On September 1, 2016, the US Securities and Exchange Commission (SEC) issued a no-action letter to Sancus Capital Management LP stating that the proposed “applicable margin reset” in a collateralized loan obligation transaction (CLO) effected using certain AMR procedures described in the related incoming letter would not constitute an “offer and sale of asset-backed securities by an issuing entity” within the meaning of Regulation RR (17 CFR Part 246).
The applicable margin reset (or AMR) procedures described in the incoming letter include a reverse Dutch auction occurring on certain dates (each, an AMR date) at predetermined intervals after the CLO closing, up to a specified maximum number of such AMR dates such that the AMR procedures would not be applied to any class of CLO securities more than two or three times over the life of the related CLO.
The incoming letter also stated that the occurrence of an AMR date could also be subject to certain objective conditions precedent, including suggested standard conditions such as the absence of an event of default under the CLO indenture, economic conditions evidenced by publicly observable economic or market indicators, the CLO trustee having received an opinion of counsel to the effect that the AMR will not cause certain adverse tax consequences, or a proposed “settlement agent” having received confirmation from at least three broker-dealers of their intent to submit bids in the AMR, each of which conditions will be set forth in the initial offering documents for the CLO securities. Importantly, none of the CLO issuer, the CLO manager, the holders of any CLO securities, or any other party, would have any discretion to call for or cause an AMR date to occur, and as long as the conditions precedent to an AMR date set forth in the offering documents are satisfied, no such party would have any discretion to cancel the occurrence of an AMR date.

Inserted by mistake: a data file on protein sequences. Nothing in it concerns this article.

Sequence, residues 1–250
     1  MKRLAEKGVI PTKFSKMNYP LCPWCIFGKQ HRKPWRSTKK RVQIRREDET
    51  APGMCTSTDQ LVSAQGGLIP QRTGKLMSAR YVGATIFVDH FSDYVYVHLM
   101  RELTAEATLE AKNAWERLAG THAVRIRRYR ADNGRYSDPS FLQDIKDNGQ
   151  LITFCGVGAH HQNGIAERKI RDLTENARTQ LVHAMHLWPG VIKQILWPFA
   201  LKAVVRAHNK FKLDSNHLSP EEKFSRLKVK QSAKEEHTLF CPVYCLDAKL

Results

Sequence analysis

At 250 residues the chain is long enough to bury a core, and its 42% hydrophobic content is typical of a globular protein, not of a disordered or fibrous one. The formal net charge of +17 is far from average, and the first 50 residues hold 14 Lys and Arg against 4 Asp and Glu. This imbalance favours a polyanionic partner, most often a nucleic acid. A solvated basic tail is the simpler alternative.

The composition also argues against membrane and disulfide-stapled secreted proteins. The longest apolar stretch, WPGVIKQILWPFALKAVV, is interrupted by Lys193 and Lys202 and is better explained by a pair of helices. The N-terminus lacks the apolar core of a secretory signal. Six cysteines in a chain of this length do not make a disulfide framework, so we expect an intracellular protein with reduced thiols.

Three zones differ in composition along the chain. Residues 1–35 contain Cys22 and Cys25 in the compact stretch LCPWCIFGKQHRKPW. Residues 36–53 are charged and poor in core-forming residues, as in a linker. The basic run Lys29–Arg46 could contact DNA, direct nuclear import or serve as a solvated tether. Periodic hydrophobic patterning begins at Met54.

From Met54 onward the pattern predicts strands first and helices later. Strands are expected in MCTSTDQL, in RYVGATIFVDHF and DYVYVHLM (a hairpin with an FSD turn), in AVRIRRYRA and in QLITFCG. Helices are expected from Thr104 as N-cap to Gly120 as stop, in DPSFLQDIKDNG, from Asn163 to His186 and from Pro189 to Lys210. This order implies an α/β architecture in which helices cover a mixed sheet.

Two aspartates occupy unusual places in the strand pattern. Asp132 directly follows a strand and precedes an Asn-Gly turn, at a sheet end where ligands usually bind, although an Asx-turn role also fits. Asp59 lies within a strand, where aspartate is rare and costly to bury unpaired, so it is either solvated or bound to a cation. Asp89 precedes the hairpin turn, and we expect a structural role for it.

The relief afforded by the no-action letter will be limited by these and other requirements included in the incoming letter. The requirement that a description of the AMR procedure be included in the initial offering document (including a required prominent statement on the cover of such offering document or elsewhere and a section titled “Applicable Margin Reset Procedures”) may not permit existing or legacy CLOs to be supplemented to meet this requirement. The limited number of AMR dates and the lack of investor or manager discretion to trigger an AMR may temper enthusiasm for the required AMR procedures. Also, the incoming letter included detailed specific requirements for the related reverse auction—including the involvement of auction and settlement agents, whose fees and expenses would be payable by the related CLO whether or not the AMR was successful—that may reduce the appeal of the AMR procedures/no-action relief.
Notwithstanding such limitations, the no-action relief is the most recent evidence that, for appropriate cases, the SEC is willing to clarify risk retention and related requirements. Given the many risk retention-related questions being raised by CLO market participants, this can only be viewed as a positive development.